I think I like this format, so I’m going to stick with it for a while.
-Let’s start with Obamacare, or the ACA, or Nixon-Care, whatever you want to call it. Turns out it is working. How do we know? For starters, only 9.2 percent of Americans are without health insurance coverage, which is down from 15.1 percent in 2011. Also, as David Lauter of the Los Angeles Times points out, Texas is the ONLY state in the country that now has an uninsured population of over 20 percent. Also, for the millionth time, Obamacare is not killing full time jobs. We will probably see a debate going forward on the ACA’s “Cadillac Tax”, but so far that seems to be a nothing-burger.
–Max Boot at Commentary Magazine provides an actual fair analysis of the Republican talking point that Hillary Clinton “created ISIS”. Boot concludes that while he believes that Clinton is guilty of “not doing enough to keep US forces in Iraq and then not doing enough to help the moderates in the Syrian civil war”, he also acknowledges that ISIS today emanated from Al-Qaeda in Iraq, which developed a strong presence in Iraq during the years of 2005-2007/’08. Boot is also right that Clinton opposed the Iraq “surge”. But, as Peter Beinart pointed out yesterday, there is an legitimate argument that while the surge attenuated the level of violence in the country (temporarily), “[r]educing violence was a means to a larger goal: political reconciliation. Only when Iraq’s Sunni and Shia Arabs and its Kurds all felt represented by the government would the country be safe from civil war.” Beinart rightly points out that the political reconciliation never formulated. This is also obvious to anyone looking at the current Sunni-Shia strife going in Iraq right now.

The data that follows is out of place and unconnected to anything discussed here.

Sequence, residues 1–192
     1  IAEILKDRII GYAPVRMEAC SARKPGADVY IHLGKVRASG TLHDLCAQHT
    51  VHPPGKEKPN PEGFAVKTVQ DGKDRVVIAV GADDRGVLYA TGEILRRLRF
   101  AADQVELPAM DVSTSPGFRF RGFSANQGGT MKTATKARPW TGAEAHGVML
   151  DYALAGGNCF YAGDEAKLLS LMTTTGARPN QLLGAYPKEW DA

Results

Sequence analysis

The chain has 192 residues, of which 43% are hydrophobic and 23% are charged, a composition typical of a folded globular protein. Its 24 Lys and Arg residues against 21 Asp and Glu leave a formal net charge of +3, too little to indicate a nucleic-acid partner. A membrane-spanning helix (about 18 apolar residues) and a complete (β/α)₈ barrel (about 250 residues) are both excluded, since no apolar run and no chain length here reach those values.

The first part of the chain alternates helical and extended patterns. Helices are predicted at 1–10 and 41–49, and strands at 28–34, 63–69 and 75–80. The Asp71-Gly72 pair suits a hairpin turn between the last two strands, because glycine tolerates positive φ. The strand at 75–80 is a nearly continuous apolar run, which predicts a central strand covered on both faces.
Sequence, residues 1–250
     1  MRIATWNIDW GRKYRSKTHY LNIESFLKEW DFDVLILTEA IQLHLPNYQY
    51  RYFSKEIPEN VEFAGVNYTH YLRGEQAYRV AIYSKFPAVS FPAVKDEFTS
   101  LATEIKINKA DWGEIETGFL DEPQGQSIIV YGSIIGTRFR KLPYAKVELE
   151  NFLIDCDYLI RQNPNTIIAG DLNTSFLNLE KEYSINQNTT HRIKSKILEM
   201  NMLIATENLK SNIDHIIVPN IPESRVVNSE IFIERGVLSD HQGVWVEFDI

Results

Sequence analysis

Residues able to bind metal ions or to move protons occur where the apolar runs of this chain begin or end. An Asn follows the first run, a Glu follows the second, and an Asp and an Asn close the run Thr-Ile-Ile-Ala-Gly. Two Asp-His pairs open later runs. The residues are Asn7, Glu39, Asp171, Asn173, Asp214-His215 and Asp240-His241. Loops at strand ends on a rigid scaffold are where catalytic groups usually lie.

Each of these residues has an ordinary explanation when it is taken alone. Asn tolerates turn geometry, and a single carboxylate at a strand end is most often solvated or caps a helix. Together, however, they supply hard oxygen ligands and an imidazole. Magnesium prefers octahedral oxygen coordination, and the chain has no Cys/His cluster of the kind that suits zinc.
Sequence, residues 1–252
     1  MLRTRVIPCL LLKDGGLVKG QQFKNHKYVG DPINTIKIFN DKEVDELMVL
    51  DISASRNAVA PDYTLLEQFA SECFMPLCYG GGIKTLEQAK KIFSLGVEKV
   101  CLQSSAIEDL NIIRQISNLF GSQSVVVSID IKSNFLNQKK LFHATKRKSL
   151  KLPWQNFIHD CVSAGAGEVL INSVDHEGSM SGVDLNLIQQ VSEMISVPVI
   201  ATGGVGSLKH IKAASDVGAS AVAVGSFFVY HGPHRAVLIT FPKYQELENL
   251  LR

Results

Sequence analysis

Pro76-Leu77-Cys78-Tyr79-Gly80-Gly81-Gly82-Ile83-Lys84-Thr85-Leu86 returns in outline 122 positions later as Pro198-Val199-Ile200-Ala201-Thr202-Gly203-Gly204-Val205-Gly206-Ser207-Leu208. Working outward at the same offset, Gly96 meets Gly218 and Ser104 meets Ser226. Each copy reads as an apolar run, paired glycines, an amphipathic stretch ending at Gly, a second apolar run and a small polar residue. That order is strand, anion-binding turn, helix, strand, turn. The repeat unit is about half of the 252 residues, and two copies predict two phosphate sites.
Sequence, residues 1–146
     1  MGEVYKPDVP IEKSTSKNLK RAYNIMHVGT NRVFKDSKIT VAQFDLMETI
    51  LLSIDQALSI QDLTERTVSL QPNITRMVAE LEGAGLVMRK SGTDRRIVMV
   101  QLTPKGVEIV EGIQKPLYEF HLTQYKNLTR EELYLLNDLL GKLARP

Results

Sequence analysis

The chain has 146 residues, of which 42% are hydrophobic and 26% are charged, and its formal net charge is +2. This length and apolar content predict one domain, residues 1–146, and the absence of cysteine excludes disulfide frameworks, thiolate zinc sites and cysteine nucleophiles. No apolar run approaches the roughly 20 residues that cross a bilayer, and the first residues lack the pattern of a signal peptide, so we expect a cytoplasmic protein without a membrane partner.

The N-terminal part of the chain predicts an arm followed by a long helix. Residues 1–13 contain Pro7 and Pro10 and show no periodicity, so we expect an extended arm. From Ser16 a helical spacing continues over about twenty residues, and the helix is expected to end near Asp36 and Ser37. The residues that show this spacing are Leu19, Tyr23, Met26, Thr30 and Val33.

-Republican frontrunner Donald Trump (that never gets old, I swear) has now potentially landed in some hot water. Trump is now on the record saying that he would not completely defund Planned Parenthood, just the stuff that doesn’t fall under “the good aspects” of what the women’s health organization does. As Sophia Tesfaye points out at Salon, Trump is now facing criticism from Breitbart, the Weekly Standard and someone nobody knows at Town Hall. Fresh off of her excellent “kids table” debate performance, Carly Fiorina is attacking Trump like a vulture for his middle-of-the-road response to the recent Planned Parenthood “undercover” videos. Rand Paul is attacking Trump for other things, but that’s only because Senator Paul’s campaign is flailing and he’s clearly desperate. I still believe that the only way Trump can lose his status as frontrunner (before GOP voters figure out that he’s a charlatan) is if he endorses gun control or a pathway to citizenship for undocumented immigrants, but this may evaporate his lead as well.
-Unrelated to politics, I would highly recommend everybody read this article about future millenial births from the Wall Street Journal by Josh Zumbrun. In the article, Zumbrun goes over a projection that in the year 2025, nearly 80 percent of millenials will give birth to children while married. Currently, there are forecasts that predict that 59 percent of births today will be from millenials who are married. Zumbrun gets his analysis from a study conducted by the research firm Demographic Intelligence, which predicted that not only will millenials get married at a higher frequency (despite stereotypes that indicate the opposite), but millenials will also give birth to children in a marriage. A significant portion of millenial births will be from college-educated women, who are likely to finish their education by age 31 (who are also likely to have more financial security and be more selective in their choice for a mate).